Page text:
Hong Kong is a vibrant city and offers me and my family many opportunities. Yet the potential loss of the Montessori school's Tin Hau campus, coupled with Hong Kong's problematic shortage of spaces in international schools, makes me question those opportunities.
If we can't ensure a stable, high-quality education for our children, then we need to look elsewhere.
There are certainly enough attractive cities in Asia that do support their international communities and the educational needs of their children.
Officials should give close consideration to this matter.
Erica Pompen, Happy Valley
Big-bag curbs trial still being weighed
I refer to the letter by Rico Lee ("Unparalleled flop of border baggage limit", October 13), regarding the trial the MTR Corporation introduced recently to restrict the weight of luggage carried on the East Rail Line.
The MTR strives to provide a comfortable and safe travelling environment for our passengers.
Our Conditions of Carriage of Luggage restrict passengers to each bring in only one piece of luggage (providing that the size does not exceed 170cm in total dimension and the length of any one side does not exceed 130cm).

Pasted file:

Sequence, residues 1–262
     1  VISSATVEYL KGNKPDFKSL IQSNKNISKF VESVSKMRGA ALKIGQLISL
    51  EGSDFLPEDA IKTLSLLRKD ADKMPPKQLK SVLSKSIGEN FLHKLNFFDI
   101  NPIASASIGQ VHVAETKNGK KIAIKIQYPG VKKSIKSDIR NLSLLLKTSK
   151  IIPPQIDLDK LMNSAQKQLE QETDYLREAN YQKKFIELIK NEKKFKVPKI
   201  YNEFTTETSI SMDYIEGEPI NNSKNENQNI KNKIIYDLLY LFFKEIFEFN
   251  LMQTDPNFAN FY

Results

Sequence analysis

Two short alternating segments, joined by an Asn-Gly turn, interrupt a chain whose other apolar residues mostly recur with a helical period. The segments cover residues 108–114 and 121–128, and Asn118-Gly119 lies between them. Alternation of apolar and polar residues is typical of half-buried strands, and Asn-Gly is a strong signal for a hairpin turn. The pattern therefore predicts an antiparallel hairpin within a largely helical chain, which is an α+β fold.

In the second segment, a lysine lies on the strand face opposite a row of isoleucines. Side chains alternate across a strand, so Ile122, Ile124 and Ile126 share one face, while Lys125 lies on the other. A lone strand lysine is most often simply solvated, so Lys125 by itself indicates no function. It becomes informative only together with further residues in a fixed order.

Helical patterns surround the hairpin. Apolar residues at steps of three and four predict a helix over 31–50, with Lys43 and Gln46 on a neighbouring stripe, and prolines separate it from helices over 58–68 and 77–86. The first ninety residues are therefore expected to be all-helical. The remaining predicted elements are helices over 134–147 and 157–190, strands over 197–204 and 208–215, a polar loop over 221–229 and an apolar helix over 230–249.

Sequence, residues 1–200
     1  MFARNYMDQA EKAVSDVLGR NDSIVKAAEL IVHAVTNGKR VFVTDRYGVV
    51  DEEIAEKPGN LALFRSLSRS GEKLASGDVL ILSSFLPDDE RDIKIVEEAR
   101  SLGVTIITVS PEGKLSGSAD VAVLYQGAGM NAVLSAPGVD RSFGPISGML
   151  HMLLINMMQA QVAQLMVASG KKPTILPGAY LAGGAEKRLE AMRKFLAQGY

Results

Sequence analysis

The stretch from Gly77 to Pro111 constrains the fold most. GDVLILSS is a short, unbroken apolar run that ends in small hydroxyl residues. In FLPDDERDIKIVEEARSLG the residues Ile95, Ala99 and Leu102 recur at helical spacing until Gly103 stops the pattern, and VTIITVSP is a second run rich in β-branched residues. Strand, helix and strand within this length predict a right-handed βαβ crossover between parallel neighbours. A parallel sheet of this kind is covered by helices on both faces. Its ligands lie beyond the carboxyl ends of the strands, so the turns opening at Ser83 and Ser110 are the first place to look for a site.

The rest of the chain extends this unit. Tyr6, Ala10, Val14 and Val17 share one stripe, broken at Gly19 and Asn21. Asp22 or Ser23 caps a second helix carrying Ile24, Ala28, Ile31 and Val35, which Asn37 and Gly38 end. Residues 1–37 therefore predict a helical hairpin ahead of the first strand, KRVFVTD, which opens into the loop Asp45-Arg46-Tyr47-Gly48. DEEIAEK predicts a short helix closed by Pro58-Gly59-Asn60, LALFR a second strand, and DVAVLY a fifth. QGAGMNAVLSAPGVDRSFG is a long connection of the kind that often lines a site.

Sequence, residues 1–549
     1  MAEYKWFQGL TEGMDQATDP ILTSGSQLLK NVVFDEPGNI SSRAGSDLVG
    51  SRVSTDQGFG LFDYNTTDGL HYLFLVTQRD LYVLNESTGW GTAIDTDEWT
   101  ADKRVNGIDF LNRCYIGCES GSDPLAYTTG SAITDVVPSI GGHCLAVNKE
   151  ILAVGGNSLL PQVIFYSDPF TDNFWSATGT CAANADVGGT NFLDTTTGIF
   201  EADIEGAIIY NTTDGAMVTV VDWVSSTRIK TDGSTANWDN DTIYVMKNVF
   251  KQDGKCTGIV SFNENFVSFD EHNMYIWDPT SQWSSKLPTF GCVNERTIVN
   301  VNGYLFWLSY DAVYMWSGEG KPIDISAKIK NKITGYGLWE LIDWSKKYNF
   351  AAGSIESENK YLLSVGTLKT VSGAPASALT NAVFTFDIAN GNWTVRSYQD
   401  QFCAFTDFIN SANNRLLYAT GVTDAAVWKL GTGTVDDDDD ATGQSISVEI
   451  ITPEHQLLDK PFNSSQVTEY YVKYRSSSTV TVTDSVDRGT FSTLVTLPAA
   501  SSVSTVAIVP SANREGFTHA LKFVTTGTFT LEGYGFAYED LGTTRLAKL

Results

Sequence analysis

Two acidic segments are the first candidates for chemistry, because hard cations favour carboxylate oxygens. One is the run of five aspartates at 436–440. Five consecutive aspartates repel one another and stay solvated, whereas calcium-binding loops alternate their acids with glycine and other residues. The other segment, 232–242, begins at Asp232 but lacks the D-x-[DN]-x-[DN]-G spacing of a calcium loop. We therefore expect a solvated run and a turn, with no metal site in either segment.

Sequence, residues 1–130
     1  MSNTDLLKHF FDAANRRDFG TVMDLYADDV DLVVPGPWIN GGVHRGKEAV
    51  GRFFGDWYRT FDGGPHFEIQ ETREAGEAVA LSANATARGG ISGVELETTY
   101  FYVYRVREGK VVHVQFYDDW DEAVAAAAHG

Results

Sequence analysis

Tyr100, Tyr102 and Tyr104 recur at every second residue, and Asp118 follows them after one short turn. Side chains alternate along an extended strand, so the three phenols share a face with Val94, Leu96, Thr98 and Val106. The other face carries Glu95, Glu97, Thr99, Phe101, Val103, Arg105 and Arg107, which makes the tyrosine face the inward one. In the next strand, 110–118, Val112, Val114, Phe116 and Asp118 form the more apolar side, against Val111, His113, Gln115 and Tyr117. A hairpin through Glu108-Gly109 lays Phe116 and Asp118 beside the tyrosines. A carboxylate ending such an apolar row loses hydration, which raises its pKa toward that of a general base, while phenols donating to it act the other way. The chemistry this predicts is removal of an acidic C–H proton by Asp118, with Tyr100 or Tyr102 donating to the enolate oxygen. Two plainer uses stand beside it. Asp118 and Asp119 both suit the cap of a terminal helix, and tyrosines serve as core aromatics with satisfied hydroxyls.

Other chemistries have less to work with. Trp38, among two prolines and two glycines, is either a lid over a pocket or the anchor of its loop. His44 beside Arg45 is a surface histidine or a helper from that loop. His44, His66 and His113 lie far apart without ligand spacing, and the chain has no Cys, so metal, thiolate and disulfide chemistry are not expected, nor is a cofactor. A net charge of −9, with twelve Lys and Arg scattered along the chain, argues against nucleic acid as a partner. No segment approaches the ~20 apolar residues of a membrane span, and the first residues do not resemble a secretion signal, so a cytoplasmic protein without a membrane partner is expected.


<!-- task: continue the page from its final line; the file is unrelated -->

However, we observed that while some luggage met the size limit, if it was very heavy it could present a hazard to other passengers.
In view of this, and taking into account passengers' suggestions, we introduced the 32kg weight limit for luggage being brought into East Rail Line trains. In considering the limit, we looked into the weight restrictions of the travel industry and we believe that 32kg is reasonable. It can cater to the needs of ordinary passengers, while lowering risks to other MTR users.
We wish to point out that the new measure is aimed at ensuring smooth passenger flow and a comfortable travelling environment for all passengers. It is not targeted at any one specific group of travellers.
To help implement the trial and maintain order inside stations, we have also recruited more staff to patrol East Rail Line stations to enforce MTR by-laws.
We will review the effectiveness of the trial after three months.